2,700,000 in workers' compensation coverage premiums;
         2,900,000 under Employees' Medical and Dental Plans;
         1,000,000 under Retirees' Medical Plans; and
           100,000 for reimbursable employee business expenses.

If the Debtors fail to pay the Prepetition Employee obligations
in the ordinary course, Sally McDonald Henry, Esq., at Skadden,
Arps, Slate, Meagher & Flom argued, the Employees will suffer
extreme personal hardship and in many cases will be unable to pay
their basic living expenses. Such a result obviously would
destroy Employee morale and result in unmanageable Employee
turnover, Ms. Henry warns. The Debtors submitted that any
significant deterioration in morale at this time will
substantially and adversely impact the Debtors and their ability
to reorganize, thereby resulting in immediate and irreparable
harm to the Debtors and their estates. The Debtors argued that
the amounts to be paid to Employees pursuant to this Motion are
reasonable compared with the importance and necessity of
preserving Employee services and morale and with the difficulties
and losses the Debtors likely will suffer if those amounts are
not paid.

Ms. Henry reminded the Court that Bankruptcy Code sections
507(a)(3) and (a)(4) give priority up to $4,300 per individual
for prepetition claims for wages, salaries, vacation and sick
leave and claims for contributions to employee benefit plans. The
Debtors believe that almost all of the Prepetition Employee
Obligations are entitled to priority under sections 5D7la)(3) and
(a)(4), and that all but a few Employees are owed less than
$4,300 in wages, salaries, vacation, sick leave, commissions and
contributions to employee benefit plans as of the Petition Pate.

Further, Ms. Henry argued, the Court should authorize the Debtors
under Bankruptcy Code section 105(a) to pay the Prepetition
Employee Obligations in full. Section 105(a) provides that "[t]he
court may issue any order, process, or judgment that is necessary
or appropriate to carry out the provisions of this title." Under
the "necessity of payment" rule, first enunciated by the Supreme
Court in Miltenberger v. Logansport, C. S.W.R. Co., 105 U.S. 286
(1882), a bankruptcy court may use its section 105 equitable
powers to permit a debtor-in-possession to pay prepetition claims
when payment is necessary to effectuate a successful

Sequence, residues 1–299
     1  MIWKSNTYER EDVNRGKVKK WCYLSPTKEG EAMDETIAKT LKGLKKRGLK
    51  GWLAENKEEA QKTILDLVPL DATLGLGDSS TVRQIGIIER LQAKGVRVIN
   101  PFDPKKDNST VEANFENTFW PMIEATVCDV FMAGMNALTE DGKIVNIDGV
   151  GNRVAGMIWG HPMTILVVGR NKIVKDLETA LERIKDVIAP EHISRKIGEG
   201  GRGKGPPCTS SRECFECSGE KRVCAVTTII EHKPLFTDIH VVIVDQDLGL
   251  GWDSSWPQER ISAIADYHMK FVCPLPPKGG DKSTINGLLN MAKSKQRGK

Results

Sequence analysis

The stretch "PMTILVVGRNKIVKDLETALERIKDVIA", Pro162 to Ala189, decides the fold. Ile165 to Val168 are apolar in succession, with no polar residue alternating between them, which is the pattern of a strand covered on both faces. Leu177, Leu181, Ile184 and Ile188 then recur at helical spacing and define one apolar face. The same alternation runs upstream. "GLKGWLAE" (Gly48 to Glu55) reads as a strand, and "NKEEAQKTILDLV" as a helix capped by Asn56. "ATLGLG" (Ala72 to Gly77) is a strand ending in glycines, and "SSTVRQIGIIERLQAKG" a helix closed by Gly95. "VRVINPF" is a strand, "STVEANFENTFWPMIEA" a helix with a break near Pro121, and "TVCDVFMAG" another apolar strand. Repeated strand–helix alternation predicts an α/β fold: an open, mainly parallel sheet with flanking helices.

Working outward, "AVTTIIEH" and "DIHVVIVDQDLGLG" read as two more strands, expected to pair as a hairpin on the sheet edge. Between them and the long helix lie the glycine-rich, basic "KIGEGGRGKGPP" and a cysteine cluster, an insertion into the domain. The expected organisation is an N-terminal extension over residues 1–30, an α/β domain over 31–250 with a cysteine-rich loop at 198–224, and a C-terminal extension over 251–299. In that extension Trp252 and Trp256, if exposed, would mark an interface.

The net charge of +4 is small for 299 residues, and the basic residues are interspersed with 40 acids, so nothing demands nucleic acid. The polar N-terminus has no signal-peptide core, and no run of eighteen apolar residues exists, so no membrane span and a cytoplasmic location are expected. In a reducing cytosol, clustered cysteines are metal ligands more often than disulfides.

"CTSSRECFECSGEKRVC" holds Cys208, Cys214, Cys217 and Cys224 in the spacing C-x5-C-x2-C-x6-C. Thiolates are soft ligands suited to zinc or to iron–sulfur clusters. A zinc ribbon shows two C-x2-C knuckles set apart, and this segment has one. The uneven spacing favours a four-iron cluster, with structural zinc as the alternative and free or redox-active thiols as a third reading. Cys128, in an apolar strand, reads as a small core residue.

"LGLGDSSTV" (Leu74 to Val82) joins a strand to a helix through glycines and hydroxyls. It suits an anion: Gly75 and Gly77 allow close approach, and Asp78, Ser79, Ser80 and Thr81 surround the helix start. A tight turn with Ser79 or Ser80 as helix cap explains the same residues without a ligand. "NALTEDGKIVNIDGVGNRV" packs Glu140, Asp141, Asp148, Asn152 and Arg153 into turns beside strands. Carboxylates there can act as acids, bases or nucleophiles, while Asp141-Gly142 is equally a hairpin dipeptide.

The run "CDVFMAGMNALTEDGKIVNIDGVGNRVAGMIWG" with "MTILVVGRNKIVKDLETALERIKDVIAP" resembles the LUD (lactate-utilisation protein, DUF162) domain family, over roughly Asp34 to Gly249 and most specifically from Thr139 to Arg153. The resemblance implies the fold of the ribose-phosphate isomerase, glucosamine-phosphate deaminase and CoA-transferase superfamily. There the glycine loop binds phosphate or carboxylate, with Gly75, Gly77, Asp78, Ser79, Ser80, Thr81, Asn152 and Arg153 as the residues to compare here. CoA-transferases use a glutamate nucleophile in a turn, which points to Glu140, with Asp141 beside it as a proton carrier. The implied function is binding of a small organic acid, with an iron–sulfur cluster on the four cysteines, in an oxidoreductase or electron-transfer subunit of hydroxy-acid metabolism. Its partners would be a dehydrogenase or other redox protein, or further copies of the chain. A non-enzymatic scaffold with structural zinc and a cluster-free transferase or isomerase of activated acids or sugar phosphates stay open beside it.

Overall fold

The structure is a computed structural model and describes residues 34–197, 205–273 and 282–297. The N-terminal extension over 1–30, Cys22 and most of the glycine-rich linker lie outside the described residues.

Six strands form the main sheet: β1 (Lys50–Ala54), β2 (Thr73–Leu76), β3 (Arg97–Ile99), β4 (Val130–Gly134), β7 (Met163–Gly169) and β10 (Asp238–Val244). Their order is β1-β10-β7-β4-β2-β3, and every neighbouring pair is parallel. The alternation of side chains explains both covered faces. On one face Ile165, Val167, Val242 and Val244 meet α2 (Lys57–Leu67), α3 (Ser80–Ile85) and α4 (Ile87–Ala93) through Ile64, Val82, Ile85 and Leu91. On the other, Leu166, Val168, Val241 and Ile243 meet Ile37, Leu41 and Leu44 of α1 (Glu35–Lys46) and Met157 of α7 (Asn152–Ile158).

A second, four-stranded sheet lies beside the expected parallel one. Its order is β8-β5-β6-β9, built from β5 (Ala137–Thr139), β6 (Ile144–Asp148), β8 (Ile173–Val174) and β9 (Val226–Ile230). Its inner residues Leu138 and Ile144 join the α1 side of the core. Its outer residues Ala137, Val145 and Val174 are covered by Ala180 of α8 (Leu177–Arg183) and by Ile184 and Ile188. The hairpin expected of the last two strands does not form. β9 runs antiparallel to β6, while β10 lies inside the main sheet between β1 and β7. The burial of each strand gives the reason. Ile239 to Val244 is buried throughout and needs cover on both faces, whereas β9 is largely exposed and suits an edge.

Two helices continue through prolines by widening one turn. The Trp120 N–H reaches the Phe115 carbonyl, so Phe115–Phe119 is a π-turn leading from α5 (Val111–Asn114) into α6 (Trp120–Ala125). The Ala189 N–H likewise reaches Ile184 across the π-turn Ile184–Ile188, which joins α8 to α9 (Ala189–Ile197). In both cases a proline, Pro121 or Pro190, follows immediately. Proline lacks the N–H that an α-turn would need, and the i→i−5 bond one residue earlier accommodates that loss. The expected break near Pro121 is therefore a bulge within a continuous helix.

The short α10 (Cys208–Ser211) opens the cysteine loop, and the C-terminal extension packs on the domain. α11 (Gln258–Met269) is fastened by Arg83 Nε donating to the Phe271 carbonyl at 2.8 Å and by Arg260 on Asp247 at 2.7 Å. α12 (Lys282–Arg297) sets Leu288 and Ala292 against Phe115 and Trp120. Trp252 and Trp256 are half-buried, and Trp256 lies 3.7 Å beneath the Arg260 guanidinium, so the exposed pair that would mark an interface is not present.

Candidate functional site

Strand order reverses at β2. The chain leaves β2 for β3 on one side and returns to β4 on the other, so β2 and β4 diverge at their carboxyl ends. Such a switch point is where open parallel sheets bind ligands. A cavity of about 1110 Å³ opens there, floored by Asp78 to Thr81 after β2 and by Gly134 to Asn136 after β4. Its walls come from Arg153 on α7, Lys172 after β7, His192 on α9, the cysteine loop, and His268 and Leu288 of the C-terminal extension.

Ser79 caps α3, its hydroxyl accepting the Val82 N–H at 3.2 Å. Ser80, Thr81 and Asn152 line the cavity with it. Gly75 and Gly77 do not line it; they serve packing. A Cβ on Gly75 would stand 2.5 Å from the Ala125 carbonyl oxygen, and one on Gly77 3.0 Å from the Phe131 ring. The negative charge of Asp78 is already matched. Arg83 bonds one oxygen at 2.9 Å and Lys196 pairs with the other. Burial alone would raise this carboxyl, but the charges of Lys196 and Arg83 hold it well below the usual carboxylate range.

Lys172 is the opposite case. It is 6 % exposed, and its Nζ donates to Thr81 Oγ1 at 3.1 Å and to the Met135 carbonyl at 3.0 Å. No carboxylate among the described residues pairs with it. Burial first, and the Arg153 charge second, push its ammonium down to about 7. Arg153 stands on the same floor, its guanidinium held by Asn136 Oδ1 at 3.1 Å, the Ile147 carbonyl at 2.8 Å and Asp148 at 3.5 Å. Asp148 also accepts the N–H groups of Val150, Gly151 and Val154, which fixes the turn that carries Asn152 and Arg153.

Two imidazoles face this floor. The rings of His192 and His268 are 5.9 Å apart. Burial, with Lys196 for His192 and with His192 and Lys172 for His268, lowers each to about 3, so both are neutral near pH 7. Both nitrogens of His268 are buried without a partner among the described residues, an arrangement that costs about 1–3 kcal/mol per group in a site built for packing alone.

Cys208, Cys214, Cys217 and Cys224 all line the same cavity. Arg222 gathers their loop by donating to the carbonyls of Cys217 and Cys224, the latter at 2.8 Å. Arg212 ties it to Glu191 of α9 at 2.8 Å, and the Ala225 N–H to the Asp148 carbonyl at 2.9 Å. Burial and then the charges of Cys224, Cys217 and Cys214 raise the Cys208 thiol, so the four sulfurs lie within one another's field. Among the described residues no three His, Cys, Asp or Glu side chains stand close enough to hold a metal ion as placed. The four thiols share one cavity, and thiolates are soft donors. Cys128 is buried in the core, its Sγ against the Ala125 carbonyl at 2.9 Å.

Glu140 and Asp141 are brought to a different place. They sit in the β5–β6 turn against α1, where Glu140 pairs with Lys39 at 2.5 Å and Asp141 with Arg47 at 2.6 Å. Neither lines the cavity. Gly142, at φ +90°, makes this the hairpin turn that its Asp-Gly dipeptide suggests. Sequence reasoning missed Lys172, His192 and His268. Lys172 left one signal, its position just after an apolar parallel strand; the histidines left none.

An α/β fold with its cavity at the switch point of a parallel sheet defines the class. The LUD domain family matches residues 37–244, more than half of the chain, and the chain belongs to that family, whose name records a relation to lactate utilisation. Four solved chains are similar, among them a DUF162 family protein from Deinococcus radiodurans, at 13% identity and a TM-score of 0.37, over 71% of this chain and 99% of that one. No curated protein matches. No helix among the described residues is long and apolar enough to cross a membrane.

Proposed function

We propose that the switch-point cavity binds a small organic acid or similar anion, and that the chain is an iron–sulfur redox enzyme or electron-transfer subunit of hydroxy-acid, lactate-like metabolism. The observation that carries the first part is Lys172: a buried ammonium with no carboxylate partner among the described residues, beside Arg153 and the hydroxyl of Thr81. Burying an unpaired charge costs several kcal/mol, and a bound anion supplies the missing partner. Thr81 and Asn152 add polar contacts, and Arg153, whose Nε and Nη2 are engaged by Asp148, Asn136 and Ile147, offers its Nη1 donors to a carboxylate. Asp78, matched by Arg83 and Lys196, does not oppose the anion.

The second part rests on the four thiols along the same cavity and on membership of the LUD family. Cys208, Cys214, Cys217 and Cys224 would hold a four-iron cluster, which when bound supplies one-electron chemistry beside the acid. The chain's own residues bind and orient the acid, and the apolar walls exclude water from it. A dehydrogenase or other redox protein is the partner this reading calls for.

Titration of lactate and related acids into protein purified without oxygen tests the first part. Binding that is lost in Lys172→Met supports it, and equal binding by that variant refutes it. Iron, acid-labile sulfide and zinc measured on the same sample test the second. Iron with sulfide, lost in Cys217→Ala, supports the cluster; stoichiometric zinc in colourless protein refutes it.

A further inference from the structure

reorganization. See In re Lehigh & New Eng. Ry. Co., 657
F.2d 570, 581 (3d Cir. 1981) (necessity of payment doctrine
"teaches no more than, if payment of a claim which arose prior to
reorganization is essential to the continued operation of the
business during reorganization, payment may be authorized even if
it is made out of corpus"). The continued service and dedication
of the Employees is critical to the Debtors. For instance, in In
re Ionosphere Clubs Inc., the court permitted Eastern Air Lines,
Inc. to pay its current employees' prebankruptcy wages, salaries,
medical benefits and business expense claims, relying on section
105 (a) to effectuate a restructuring of Eastern's finances to
provide jobs for its employees. See 98 H.R, 174, 177 (Bankr.
S.D.N.Y. 1989) (citing H.R. Rep. No. 95-595, at 16 (1977),
reprinted in 1978 U.S.C.C.A.N. 5963, 5977).

Finding that (1) the relief requested in this Motion is necessary
and should be authorized under Bankruptcy Code section 105, (2)
the Debtors' Employees are vital to the continued operation of
Vlasic's businesses and to the preservation of their estates, (3)
authorization to pay the Prepetition Employee Obligations is
necessary to maintain the Employees' morale and prevent many of
them from suffering extreme personal hardship or from seeking
other employment, and (4) the relief sought is consistent with
sections 105(a) and 507(a) of the Bankruptcy Code, Judge Robinson
granted the Debtors' Motion in all respects.

Judge Robinson made it clear, however, that nothing in her order
shall be deemed to constitute an assumption of any Employee
benefit plan, program or contract, or otherwise affect the
Debtors' rights under 11 U.S.C. Sec. 365 to assume or reject any
executory contract between the Debtors and any Employee. (Vlasic
Foods Bankruptcy News, Issue No. 2; Bankruptcy Creditors'
Service, Inc., 609/392-0900)

                           *********

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For copies of court documents filed in the District of Delaware,
please contact Vito at Parcels, Inc., at 302-658-9911. For
bankruptcy documents filed in cases pending outside the District
of Delaware, contact Ken Troubh at Nationwide Research &
Consulting at 207/791-2852.

                           *********

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Troubled Company Reporter is a daily newsletter co-published by
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Copyright 2001.  All rights reserved.  ISSN: 1520-9474.